there are liars everywhere
liars are everywhere

The Qualified Apology

I grew up in a world without lies.

That is a lie, of course, but the truth in a lie is found in context or in timing or in point of view. Or in my case, to scope.

I may or may not have my facts correct, and as much as it sometimes abhors me, the Past and Past Persons are canonized if you’re on good terms with your own personal history.

That I may have my facts wrong has no bearing on the truth in my own statement “I grew up in a world without lies.” This kind of thing triggers eye-rolling, begs paradox and certainly invites Absolutists—who by the way live with Paradoxes both esoteric and profound—to take Divine Exception to my “obvious” moral relativism. If any of these reactions are yours, best (better?) stop reading here.

Without moderation there can be no extremes. Without lies, no truths. Without mortality, no time. And don’t forget that old chestnut, without Evil, no Good.

It’s easy to swap relative points of view when you’re on a train. Am I moving rapidly past the tunnel wall or is the tunnel wall flying past me?

The point to this talk of truth and the truth to the point I make is that success, idyl, protection and even comfort are just as limiting as failure, duress, menace and pain.

Know only safety and you’ve no skills in defending yourself. Succeed in a given academic and/or career path and you’ve aborted alternative lifepaths. Be only safe and end up without adventure or experience.

Have I convinced you that everything comes in pairs, specifically pairs of notions that live in tension with one another? Couple that with the idea of an exclusively cause-and-effect universe and you’ve got a sort of graph-paper surface on which to live a rational and “normal” life, so it would seem.

But what does truth speak to candor? What does silence lend a lie? In the finitude of my existence, there is no ‘all or nothing’.

Rhetorical nonsense all, but without nonsense, how can there be sense? Hunt through the rhetoric and hope to find dialectic? Paralipsis? A rot13 joke about a monkey with a gun?

Some part of your brain will be scouting for a something in all of this that shapes it to your own understanding. “Reading between the lines”, at the very least.

A lie is not necessarily an untruth, it can merely be a statement contrary to fact. Surely something in you—something very near to that scouting-for-meaning-something, probably—can appreciate the difference, even if your final judgment is equivalence.

Having lived in a world without lies, at first with family in so wonderful an environment that no one should deserve such a thing, then in a world where I chose for myself to exist amidst others who favored, if not truth, at least authenticity. That is how I continued to choose over and over.

My very good friend Mike and I had an extended “such is my life” kind of discussion because we can. Because we’ve known each other for fifteen years. Because we are of similar temperaments. Because we’re from very different upbringings yet our separate conclusions are the same. Well, quite similar.

It is a tragic fact of living that an atmosphere of truth might be burned away by a single lie. Even by a lack of candor. Semantics are important, otherwise they wouldn’t exist. Candor and silence, truth and lie, we try to reconcile conflicts and syncretize the rest. But if we have not experienced deceit we have no defense against it; if our environment lacked in good will, we have no ability to understand its emotional mathematics if we are lucky enough to be situated in its midst.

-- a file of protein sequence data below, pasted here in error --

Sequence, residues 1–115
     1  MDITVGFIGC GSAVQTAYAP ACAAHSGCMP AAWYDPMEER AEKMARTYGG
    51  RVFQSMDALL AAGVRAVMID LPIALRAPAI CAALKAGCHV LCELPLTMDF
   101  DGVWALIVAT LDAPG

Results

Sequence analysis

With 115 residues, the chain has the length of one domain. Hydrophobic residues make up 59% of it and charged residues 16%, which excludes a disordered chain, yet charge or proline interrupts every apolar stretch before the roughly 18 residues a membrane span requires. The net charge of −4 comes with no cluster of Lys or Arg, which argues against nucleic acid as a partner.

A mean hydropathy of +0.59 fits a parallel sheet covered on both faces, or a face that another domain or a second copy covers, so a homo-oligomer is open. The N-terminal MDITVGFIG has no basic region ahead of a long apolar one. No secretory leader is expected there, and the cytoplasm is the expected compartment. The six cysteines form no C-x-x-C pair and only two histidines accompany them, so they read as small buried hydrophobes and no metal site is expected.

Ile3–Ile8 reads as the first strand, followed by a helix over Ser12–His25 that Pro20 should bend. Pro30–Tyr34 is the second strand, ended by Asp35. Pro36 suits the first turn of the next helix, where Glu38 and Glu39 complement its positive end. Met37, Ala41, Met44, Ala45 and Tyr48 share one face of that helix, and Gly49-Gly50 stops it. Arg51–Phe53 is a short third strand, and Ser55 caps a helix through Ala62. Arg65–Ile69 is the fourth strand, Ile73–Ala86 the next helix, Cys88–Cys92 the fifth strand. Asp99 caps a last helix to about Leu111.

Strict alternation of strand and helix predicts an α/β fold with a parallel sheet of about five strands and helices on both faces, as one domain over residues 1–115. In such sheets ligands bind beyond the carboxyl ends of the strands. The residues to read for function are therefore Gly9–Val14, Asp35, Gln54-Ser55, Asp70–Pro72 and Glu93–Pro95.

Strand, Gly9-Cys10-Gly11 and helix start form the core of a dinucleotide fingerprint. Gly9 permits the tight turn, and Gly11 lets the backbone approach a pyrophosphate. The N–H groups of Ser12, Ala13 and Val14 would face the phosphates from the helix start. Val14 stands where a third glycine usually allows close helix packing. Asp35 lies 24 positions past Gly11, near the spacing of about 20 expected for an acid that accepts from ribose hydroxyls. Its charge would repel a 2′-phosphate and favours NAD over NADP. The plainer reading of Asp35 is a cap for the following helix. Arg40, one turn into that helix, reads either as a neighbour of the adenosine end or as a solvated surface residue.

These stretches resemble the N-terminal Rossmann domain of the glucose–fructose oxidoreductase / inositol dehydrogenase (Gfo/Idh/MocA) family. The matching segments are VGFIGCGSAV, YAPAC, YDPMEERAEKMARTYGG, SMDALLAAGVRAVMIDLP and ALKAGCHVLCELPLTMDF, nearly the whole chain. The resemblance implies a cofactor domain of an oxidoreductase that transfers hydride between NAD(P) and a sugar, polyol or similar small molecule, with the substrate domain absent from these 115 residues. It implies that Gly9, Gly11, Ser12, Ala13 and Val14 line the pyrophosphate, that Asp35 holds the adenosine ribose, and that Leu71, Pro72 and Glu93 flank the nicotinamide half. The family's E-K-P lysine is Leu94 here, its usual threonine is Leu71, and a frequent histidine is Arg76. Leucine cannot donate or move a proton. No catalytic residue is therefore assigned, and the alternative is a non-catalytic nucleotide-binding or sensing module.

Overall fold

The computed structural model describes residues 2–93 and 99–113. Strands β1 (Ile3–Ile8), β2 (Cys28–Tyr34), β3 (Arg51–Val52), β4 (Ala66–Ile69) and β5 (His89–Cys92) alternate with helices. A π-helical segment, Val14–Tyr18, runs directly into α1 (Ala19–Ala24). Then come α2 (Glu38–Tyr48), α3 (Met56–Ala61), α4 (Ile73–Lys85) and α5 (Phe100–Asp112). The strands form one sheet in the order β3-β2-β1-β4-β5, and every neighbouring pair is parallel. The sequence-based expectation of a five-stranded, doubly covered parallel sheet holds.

We resort to intellectualizing it (or ‘winging it’ or ‘shooting from the hip’) because we have no suitable skills, or we rebel against it in a fit of aggressive diffidence to dodge or disrupt or distract.

The lie, the truth, the candor, the reticence, the silence. Life is not a problem to be solved but a reality to experience. You can’t think-it-through mistrust and you can’t solve for kindness to a stranger.

Sure, one lie may end an era of trustworthiness, but candor, I’ve found, can be a strong countermeasure, e.g., I have wronged you and so I apologize, volunteer a genuine posture of vulnerability and hope that you can see with your instinct and experience what your intellect has no sensibilities for. This is what I was taught was the true act of apology: the audacity to request forgiveness. The trick is that the wronged must decide to believe and accept.

And how does the earnestly penitent effectively show vulnerability? When I have wronged another and have apologized, I am concerned with making the other feel better, not myself. I admit to my wrongs, directly and without qualification. I make no demands, I make no pleas. I offer restitution, leaving the details to the transgressed. I accept that though I am earnest, the other person may not see it or believe it. I am ready to accept failure and do, if that’s the way it plays out.

Most importantly, I offer no explanations unless asked. My reasons for having wronged have no place in an apology. The situation, the circumstance, the reasons and explanations of my offense have no place and are of no matter, unless they matter to the one to whom I am apologizing.

In accepting someone else’s apology, like everyone else my posture is at first en garde. After all, it’s up to the transgressor to do the work. I look for the same things from him or her that I offer when I apologize.

And just as one lie can collapse an environment of trust and good will, so in an apology can the smallest hint of self-absolution completely invalidate an apology offered to me. Some call this “waiting for the ‘but’”. You know what I’m talking about. In fact, I’m sure you can think of multiple times you’ve listened to an apology, an offer, a deal—even a sales pitch!—and waited for the other shoe to drop.

An apology stops being an apology at the first sign of self-interest.

This is the bottom line, the closest I may ever come to a belief in absolutes.